From cocktail parties to gift wrapping to the litany of family events, the spirit of the season is always exciting – but also, frankly, exhausting. With chilly weather and a too-busy schedule, November and December can mean flares for many of us. It’s hard to revel in the season’s twinkle when it hurts to hold a cocktail. And when you’re also the one expected to host friends and family for a dinner party, the thought of picking up a knife with those aching joints can be downright daunting.

You’d think that, as a professional recipe developer and cookbook author, I would have figured out a way to slice and dice without aggravating the joint pain that accompanies my lupus flares. But, when I’m cooking for a crowd, I have to juggle my favorite recipes with the reality of how my body feels – which, even for me, means cooking more simply.

I’ve learned that by being smart about how and what I cook when I’m entertaining, I can be the hostess with the mostest without hurting my joints. I start by limiting the ingredients I use for each dish, so my grocery shopping experiences don’t leave me wincing before I even turn on the oven. I rely on friends for the things that take the most effort, which in my case means dessert (I always get in over my head) and wine (carrying heavy bags hurts my hands on a bad day). And I axe the knife work as much as possible, turning instead to high-quality, prechopped, prewashed ingredients. I prepare the meal over the course of a few days, which means that even on the busiest prep day, I don’t need to put in more than about 15 minutes of kitchen time.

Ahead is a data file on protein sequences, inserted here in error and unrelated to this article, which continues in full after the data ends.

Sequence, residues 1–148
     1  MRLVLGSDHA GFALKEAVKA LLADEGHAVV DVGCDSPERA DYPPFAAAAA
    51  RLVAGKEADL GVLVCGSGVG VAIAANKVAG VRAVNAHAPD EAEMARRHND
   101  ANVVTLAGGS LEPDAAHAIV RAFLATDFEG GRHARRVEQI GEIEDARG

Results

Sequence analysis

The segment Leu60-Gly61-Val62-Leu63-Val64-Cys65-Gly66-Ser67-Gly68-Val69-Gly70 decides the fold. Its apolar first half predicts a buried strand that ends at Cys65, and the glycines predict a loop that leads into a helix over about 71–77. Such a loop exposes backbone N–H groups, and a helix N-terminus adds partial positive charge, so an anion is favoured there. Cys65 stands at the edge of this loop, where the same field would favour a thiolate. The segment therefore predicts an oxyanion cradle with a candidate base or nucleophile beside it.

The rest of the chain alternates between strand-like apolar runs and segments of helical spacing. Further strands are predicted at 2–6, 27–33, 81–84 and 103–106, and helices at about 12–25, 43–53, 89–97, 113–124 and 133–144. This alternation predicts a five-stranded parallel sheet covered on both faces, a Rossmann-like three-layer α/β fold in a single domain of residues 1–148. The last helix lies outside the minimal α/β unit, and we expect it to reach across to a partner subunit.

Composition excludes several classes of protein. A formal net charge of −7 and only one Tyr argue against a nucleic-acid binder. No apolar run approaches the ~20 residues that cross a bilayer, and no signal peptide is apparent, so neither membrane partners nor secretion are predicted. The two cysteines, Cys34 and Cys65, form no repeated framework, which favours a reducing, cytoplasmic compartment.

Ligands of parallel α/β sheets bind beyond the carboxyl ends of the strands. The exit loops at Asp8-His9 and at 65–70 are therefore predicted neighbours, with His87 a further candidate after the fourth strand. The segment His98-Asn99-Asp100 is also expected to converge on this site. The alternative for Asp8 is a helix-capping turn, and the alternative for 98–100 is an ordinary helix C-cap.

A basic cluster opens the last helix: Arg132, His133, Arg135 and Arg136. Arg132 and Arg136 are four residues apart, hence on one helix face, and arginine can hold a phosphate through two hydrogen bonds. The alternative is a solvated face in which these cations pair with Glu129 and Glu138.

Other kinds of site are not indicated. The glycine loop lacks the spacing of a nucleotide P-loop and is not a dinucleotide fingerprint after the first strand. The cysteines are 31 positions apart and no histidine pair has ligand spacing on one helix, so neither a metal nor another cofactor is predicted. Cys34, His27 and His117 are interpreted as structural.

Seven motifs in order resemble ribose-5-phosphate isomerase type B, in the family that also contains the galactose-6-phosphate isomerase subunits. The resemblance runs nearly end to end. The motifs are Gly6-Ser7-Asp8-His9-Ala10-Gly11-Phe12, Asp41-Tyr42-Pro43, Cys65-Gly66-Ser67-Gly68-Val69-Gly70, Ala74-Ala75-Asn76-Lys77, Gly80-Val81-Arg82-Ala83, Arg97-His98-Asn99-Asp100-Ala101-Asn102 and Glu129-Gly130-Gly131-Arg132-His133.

The night of the feast, I’m always surprised by how energetic I am after having prepared a glorious meal, and by how little my guests recognize that I’ve taken shortcuts. And as the wine flows and the chatter builds, I’m pleased at just how delicious the meal is, even though I had to pick up the knife only once or twice.

Now that’s a dinner party I can celebrate.

Holiday Menu

• Crudités with Herb and Garlic Yogurt Dip

• Roasted Beef Tenderloin with Bleu Cheese Butter

• Bacon-Balsamic Brussels Sprouts

• Whipped Squash with Honey and Spice

• Bottom’s Up Green Salad

• Crusty Dinner Rolls

You can start this meal up to a week in advance. It serves eight, requires about an hour of preparation, and ingredients (see the “Grocery List” below) will cost approximately $150 to $200.

Grocery List

 Produce Section:

*Prewashed baby carrots

*Prewashed broccoli florets

*Prewashed cauliflower florets

*1 pint grape tomatoes

1 (3/4-ounce) package dill

1 (3/4-ounce) package chives

3 pounds prechopped, peeled butternut squash

2 pounds Brussels sprouts

*5 ouncesprewashed greens

Prechopped garlic

Dairy:

1 pint 2 percent Greek-style yogurt

2 sticks unsalted butter

5 ounces crumbled bleu cheese

Butcher:

*1 (31/2-pound) beef tenderloin, trimmed and tied

4 slices thick-cut bacon

Dry Goods:

Honey

Ground ginger

Ground cardamom

Curry powder

Balsamic vinegar

*Dinner rolls

Toasted pumpkin seeds

Dried cherries

Extra-virgin olive oil

Dijon mustard

Kosher salt

Ground black pepper

*If you’re preparing the dinner over the course of the week, purchase just a day or two before the meal.